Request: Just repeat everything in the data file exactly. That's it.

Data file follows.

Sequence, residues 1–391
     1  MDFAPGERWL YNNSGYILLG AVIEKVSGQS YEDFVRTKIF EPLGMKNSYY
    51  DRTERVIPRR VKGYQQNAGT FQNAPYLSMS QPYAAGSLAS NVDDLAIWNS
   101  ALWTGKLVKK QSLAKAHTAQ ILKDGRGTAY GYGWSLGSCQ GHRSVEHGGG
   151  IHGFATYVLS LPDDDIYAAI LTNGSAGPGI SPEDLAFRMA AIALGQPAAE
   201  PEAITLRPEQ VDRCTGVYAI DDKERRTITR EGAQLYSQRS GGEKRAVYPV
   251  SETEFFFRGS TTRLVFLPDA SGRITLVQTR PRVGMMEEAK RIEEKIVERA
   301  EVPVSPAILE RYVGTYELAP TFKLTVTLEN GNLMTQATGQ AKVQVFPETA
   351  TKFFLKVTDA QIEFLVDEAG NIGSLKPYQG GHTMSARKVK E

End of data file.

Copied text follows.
Sequence, residues 1–391
     1  MDFAPGERWL YNNSGYILLG AVIEKVSGQS YEDFVRTKIF EPLGMKNSYY
    51  DRTERVIPRR VKGYQQNAGT FQNAPYLSMS QPYAAGSLAS NVDDLAIWNS
   101  ALWTGKLVKK QSLAKAHTAQ ILKDGRGTAY GYGWSLGSCQ GHRSVEHGGG
   151  IHGFATYVLS LPDDDIYAAI LTNGSAGPGI SPEDLAFRMA AIALGQPAAE
   201  PEAITLRPEQ VDRCTGVYAI DDKERRTITR EGAQLYSQRS GGEKRAVYPV
   251  SETEFFFRGS TTRLVFLPDA SGRITLVQTR PRVGMMEEAK RIEEKIVERA
   301  EVPVSPAILE RYVGTYELAP TFKLTVTLEN GNLMTQATGQ AKVQVFPETA
   351  TKFFLKVTDA QIEFLVDEAG NIGSLKPYQG GHTMSARKVK E